ITHACA, N.Y. — Ithaca auction house Finger Lakes Estate and Auction has been charged with fraudulently auctioning off customers’ property and failing to pay them the proceeds, the Attorney General’s Office said after a judgment this week.

The judgment is against owner Charles Dorsey and Finger Lakes Estate and Auction, Inc., which is listed as based on Lower Creek Road in Ithaca. The estate and auction business solicits and accepts personal property from consumers and sells them at auctions to the general public.

The attorney general’s office said Dorsey was charged for “fraudulently inducing consumers into giving up their personal property for auction sales and failing to return the proceeds as promised.” The judgment requires Dorsey and the company to pay back $237,739 in restitution to customers and $12,000 in civil penalties and costs. He also must retain a Trustee to handle all of the money from future auction sales to ensure the proceeds first go to the consigning consumers, the attorney general’s office said.

Finger Lakes Estate and Auction, Inc. charges people 15 to 35 percent commission and a transportation fee ranging from $100 to $250. The rest of the proceeds are supposed to go to the consumer, the attorney general’s office said. However, since October 2015, Finger Lakes and Dorsey “sold property and failed to return any of the proceeds to 24 consumers, totaling $237,739 owed. They continued to take in property for auctions knowing that they would not be paying the proceeds over to consumers.”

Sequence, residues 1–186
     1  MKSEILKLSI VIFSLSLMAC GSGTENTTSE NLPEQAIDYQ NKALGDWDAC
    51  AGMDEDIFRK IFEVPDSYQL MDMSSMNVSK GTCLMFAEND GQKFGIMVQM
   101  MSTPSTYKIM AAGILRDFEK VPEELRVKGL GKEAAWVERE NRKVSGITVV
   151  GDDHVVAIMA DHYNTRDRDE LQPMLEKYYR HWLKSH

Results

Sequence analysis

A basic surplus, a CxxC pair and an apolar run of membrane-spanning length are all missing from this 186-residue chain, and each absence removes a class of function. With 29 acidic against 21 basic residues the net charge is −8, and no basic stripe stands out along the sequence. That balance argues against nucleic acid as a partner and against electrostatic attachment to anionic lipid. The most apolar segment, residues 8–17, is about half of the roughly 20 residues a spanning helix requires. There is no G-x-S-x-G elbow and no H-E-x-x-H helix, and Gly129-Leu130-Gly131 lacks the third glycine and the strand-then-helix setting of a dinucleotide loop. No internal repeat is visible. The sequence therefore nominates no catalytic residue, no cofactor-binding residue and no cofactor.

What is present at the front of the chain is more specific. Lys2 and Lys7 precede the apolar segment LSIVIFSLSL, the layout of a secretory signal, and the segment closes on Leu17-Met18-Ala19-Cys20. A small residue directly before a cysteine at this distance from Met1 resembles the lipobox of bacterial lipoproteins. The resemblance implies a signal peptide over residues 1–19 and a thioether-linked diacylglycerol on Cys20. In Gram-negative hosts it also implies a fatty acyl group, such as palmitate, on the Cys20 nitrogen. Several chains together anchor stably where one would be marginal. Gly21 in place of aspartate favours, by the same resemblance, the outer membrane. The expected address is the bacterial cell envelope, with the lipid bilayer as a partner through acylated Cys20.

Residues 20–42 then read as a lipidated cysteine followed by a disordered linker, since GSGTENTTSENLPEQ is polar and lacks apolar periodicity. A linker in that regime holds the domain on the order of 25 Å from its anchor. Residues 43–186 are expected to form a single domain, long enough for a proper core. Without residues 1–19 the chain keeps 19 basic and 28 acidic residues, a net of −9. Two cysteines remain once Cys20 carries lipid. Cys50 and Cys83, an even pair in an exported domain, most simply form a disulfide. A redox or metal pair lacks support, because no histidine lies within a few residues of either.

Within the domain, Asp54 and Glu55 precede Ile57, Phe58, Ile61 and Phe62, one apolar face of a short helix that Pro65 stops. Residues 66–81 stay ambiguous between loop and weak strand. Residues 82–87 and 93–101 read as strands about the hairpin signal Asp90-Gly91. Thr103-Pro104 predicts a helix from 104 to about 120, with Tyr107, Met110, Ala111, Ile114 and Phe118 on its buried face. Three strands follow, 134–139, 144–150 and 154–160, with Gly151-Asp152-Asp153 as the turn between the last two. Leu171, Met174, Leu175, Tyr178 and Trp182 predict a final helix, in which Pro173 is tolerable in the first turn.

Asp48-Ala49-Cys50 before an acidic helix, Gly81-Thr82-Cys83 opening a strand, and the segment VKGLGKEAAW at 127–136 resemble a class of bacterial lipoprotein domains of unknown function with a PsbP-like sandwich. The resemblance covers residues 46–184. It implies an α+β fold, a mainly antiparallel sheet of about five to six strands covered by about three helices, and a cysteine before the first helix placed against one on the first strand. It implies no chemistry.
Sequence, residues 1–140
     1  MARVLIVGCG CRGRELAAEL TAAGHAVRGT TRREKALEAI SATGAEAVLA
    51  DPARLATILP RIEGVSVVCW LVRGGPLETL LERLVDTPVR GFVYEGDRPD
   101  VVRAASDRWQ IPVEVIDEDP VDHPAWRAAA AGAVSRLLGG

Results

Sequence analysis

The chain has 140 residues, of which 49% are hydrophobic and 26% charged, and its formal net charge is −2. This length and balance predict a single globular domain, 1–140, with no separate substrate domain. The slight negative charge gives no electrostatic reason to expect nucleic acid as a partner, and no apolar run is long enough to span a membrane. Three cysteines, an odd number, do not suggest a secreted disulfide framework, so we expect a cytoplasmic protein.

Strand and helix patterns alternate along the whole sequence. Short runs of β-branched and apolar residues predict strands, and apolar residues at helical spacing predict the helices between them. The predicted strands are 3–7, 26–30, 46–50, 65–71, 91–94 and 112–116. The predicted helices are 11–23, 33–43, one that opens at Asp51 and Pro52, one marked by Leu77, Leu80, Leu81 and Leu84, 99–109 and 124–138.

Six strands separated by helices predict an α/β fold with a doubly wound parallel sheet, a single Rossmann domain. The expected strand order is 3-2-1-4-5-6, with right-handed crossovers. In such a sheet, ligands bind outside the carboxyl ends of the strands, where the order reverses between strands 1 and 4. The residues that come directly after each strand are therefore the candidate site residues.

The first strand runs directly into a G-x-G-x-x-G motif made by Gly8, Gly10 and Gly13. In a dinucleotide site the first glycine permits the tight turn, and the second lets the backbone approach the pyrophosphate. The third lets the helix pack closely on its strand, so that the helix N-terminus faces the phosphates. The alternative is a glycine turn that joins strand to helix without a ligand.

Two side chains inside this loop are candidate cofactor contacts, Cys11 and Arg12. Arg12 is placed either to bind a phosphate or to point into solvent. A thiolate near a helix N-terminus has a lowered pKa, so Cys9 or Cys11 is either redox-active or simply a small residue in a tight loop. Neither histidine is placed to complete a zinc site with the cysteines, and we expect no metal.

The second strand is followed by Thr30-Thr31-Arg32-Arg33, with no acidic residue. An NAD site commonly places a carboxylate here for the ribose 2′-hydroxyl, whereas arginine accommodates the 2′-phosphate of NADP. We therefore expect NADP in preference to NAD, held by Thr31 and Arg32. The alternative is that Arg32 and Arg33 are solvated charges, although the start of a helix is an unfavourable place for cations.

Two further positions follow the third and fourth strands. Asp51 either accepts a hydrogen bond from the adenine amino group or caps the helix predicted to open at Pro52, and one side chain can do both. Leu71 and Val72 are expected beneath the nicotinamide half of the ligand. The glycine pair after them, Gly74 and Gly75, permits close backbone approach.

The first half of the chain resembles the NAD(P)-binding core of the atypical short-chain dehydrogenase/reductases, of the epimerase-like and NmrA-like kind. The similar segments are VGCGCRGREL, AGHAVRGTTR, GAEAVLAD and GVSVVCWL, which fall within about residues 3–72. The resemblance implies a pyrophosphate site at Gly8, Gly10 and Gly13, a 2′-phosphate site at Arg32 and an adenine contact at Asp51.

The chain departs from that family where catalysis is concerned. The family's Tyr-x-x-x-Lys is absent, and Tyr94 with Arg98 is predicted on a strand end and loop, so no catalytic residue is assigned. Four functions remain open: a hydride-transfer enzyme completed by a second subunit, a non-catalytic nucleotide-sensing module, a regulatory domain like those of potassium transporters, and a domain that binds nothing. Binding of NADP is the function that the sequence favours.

“New York consumers rely on companies to be trustworthy and responsible,” Attorney General Underwood said in a news release. “No matter the industry, my office will continue to protect New Yorkers from businesses that defraud their customers.”

The attorney general’s office said in one instance, Finger Lakes and Dorsey sold a person’s 1965 Austin Healey antique automobile for $39,000 but failed to pay the consumer any of the proceeds.

The business has an “F” rating on the Better Business Bureau and eight customer complaints.

The attorney general’s office said if any consumers believe they may have been damaged by these practiced, they can file a complaint with the attorney general’s office in Binghamton and seek restitution by Jan. 31, 2019.

Kelsey O'Connor

Kelsey O'Connor is the managing editor for the Ithaca Voice. Questions? Story tips? Contact her at and follow her on Twitter @bykelseyoconnor.